Sometimes, it’s just the right move to say goodbye. Willie Mays never should have suited up for the New York Mets. Joe Namath never should have made the cross country trek to become a Los Angeles Ram (speaking of saying goodbye, I guess it’s fitting to mention football in L.A.). But, in all seriousness, goodbyes are a necessary occurrence in life. And, I bet no one could see this segue coming from a mile away, this is my chance to say goodbye in my final column as sports editor at The Badger Herald.In the spirit of avoiding to create too much of a sentimental pang in all of your hearts, I’ll sum up any of the sappy stuff quickly. It has been a good ride, from the road trips and the bright lights of Camp Randall to the late nights and the sunny afternoons at McClimon Soccer Complex. Without any doubt, it’s left a huge imprint on me — and for that I have to quickly thank the man who gave me a start and has helped me at every step along the way, my brother Joe.But, to keep the cheesiness at a minimum, here is a small sampling of some of the things I will never forget from a year covering a spectrum of Wisconsin athletics.-Covering the 2005 UW football season: Traveling to Penn State to see Beaver Stadium packed to the brim was amazing enough. Ditto for witnessing Jonathan Casillas’ punt block in the Metrodome. But being on the field when John Stocco scampered into the end zone to beat Michigan and for Barry Alvarez’s farewell address against Iowa was absolutely unreal. Just seeing a team that entered the college football season as a wildcard turn into a contender for the conference title was interesting enough … but to take in some of the greatest finishes and moments in the history of the program all in one year was even more unexpected heading into the year.-Watching Aaron Hohlbein win header after header after header … Yeah, you get the idea. Hohlbein, a junior on the UW men’s soccer team, is simply one of the premier defenders in the Big Ten, let alone the nation. Too bad you could probably count the number of students who have seen him play on a single hand. The most obvious bit of talent that makes Hohlbein so good is his ability in the air; ironically, I can probably count the number of headers I’ve seen him lose on that same hand. Nick Van Sicklen became the first UW player to earn a spot in Major League Soccer under Badger head coach Jeff Rohrman; he won’t be the last though — Hohlbein’s got all the talent and smarts to play at the next level. Maybe seeing a future pro would be a good move next fall, eh students?-Talking to Adam Burish: If there ever was such thing as a walking quote, it’s Burish. And they’re not ridiculous, Chad Johnson-esque quotes; Burish tells it like it is, and he tells it in ways that look really good in print. He might not be the most skilled player, but he’ll work hard on the ice and in the media room. And in my book, that’s a pretty solid skill to have. He’s an ideal captain for the UW hockey team and an ideal interview.-Tim Krumrie is fighting people? Last, but certainly not least, this is one of the most vivid images from the Wisconsin football team’s 2005 Pro Day. Krumrie, a former Badger defensive tackle and current Buffalo Bills defensive line coach, attended the workout day to get a good look at UW’s bumper crop of linemen, a group that of course included first round pick Erasmus James. But Krumrie got more than just a good look … he proceeded to engage in a stand-up wrestling type exercise with James and the rest of the Badger linemen — a drill that resembled some sort of bizarre mix of shoot fighting and bear combat. But here’s the best part — he did it all while rocking tight denim jeans and brown cowboy boots. Absolutely splendid; I can still remember trying to explain the occurrence to the rest of the sports staff. And if that wasn’t the perfect memory to end with, I don’t know what is. Thanks for reading.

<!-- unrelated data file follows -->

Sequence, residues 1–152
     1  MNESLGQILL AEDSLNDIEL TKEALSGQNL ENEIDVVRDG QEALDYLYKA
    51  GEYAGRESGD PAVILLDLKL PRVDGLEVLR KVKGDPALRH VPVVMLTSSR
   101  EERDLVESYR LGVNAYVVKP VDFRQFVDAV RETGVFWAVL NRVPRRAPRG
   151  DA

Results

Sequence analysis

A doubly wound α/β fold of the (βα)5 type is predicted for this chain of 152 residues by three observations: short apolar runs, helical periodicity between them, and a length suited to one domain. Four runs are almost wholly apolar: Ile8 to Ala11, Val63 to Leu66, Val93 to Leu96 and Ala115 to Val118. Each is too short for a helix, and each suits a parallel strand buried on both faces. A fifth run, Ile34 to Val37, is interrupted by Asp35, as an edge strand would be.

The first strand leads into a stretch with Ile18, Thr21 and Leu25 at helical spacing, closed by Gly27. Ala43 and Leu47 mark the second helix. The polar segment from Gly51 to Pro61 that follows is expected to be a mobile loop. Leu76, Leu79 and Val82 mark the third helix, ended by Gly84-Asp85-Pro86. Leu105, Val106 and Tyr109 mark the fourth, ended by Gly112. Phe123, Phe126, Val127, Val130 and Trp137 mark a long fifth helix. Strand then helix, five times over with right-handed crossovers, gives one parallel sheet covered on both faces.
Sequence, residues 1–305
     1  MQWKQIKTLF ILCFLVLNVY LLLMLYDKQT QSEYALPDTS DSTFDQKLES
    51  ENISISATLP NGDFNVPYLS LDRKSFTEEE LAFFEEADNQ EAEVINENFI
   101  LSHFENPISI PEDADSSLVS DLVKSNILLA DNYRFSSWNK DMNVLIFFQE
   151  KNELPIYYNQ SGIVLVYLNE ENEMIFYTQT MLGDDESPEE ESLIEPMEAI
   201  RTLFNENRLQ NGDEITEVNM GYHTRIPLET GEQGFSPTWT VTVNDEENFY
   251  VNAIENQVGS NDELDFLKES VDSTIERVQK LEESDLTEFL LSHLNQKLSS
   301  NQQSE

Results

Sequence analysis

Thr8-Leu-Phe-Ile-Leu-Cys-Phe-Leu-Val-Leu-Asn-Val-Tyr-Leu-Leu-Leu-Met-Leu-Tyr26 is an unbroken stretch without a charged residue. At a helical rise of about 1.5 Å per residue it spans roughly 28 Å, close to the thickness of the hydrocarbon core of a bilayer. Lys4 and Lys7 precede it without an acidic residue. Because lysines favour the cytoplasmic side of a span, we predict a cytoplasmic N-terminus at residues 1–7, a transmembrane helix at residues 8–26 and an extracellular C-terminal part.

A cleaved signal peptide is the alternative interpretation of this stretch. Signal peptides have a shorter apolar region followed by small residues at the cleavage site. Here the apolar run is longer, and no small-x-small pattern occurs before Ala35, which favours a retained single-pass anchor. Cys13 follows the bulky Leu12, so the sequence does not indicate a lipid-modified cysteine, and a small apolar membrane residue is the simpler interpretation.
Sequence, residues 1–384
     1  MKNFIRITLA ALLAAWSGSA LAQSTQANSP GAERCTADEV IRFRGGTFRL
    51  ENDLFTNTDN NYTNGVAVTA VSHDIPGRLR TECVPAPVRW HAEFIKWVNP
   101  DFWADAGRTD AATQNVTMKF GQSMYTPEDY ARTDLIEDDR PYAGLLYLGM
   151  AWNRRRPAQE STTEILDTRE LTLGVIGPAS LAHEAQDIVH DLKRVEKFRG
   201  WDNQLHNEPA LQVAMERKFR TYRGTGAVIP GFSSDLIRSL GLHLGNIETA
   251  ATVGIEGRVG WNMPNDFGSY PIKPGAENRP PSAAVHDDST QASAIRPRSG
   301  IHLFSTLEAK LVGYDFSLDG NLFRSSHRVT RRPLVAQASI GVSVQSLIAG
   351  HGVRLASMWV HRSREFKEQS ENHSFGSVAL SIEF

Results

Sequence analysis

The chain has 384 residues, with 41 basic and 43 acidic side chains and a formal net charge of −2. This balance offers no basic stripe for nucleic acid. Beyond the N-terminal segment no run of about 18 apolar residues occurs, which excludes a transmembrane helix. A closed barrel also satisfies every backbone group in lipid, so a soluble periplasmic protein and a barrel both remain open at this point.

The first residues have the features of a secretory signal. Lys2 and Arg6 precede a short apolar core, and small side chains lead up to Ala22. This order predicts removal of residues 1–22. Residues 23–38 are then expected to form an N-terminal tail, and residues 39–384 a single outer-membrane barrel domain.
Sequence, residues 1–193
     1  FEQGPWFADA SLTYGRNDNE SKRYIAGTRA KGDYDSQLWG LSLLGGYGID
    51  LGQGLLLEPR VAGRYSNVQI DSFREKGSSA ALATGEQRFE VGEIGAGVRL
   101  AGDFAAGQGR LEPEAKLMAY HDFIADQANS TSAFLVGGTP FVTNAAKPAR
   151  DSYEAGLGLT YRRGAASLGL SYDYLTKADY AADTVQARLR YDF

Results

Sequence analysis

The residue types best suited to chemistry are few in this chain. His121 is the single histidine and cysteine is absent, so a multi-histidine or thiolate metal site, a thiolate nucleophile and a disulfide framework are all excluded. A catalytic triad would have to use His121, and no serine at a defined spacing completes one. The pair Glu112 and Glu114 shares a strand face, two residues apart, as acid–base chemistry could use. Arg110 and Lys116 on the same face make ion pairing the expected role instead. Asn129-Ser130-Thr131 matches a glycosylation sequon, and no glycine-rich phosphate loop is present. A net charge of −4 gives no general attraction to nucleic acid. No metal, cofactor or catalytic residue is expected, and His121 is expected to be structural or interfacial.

The Wisconsin women’s tennis team went into the weekend with the chance to match, if not exceed, its 3-9 conference record from a year ago, but matches against two top-50 teams proved to be the end of that goal.Riding a five-game losing streak going into the weekend, Wisconsin (7-12, 2-9 Big Ten) fell to No. 12 Northwestern (16-6, 10-1) and No. 43 Illinois (13-9, 6-5) to finish its regular season on a 7-game skid.Sunday marked the Badgers’ regular season finale at Nielsen Tennis Stadium in Madison where UW looked to avenge a 5-2 loss to the Illini last season. Wisconsin has not beaten Illinois since 2011.Illinois struck first, taking the doubles point in two close matches by a combined 3 games. The No. 3 doubles pairing of Becca Bailey and Sydney Rider fell 8-7. The No. 1 pairing of Lauren Chypyha and Lauren Burich followed with an 8-6 loss leaving the No. 2 doubles match unfinished as the Fighting Illini clinched the point.Illinois jumped to a 2-0 lead when Jerricka Boone beat Bailey 6-3, 6-0 in the No. 6 singles matchup.Wisconsin picked up its first point of the match when Chypyha took down Allison Falkin 6-0, 6-4 in the No. 1 singles match, bringing the Badgers within one point of the Illini. With the win, Chyphyha improves to 25-9 overall in singles matches.Illinois and Wisconsin would trade points as the Illini would take the No. 4 singles point and the Badgers would pick up the No. 2 singles point bringing the match to 3-2 mark.The No. 3 singles match proved to be the decisive one as Melissa Kopinski would take down Burich 6-3, 6-1 to give Illinois a 4-2 lead and secure the win over Wisconsin.The Illini would take the No. 4 singles point to bring the final to 5-2, handing the Badgers their seventh-straight loss.In its first match of the weekend, Wisconsin faced a No. 12 Northwestern team that it has taken only two points from in regular season matches since 2004.The Wildcats came to Madison with the No. 34, Veronica Corning, and No. 40, Belinda Niu, ranked singles players and No. 29th –ranked doubles team.Northwestern quickly took the doubles point with 8-3 and 8-2 wins in the No. 1 and No. 3 matchups respectively to take an early 1-0 lead.The Wildcats took the No. 6 singles point first as Nida Hamilton took care of Bailey 6-1, 6-2.Northwestern took the No. 4 singles point next and followed up with a win in the No. 3 matchup to clinch the victory for the away squad.In the No. 1 singles match, Wisconsin’s Chypyha put an early scare into No. 34-ranked Corning taking the first set 4-6. Corning would respond, though, taking the next two sets both by a score of 6-3.Wisconsin would fail to take a match from Northwestern, giving the Wildcats a 7-0 win over the Badgers for the second year in a row.With the regular season slate over, Wisconsin will travel to Evanston, Ill., for the Big Ten Tournament where it will take on No. 6 Minnesota. The Golden Gophers lost a three-way tiebreaker with Illinois and Indiana to take the sixth seed.In the only meeting between the two teams, Minnesota came away with a 4-3 win on its home court. The Golden Gophers come into the conference tournament on a two-game losing skid.Wisconsin will face off with Minnesota Thursday at 2 p.m. The winner will take on No. 3 seed Ohio State. The Badgers fell to the Buckeyes 6-1 in the regular season.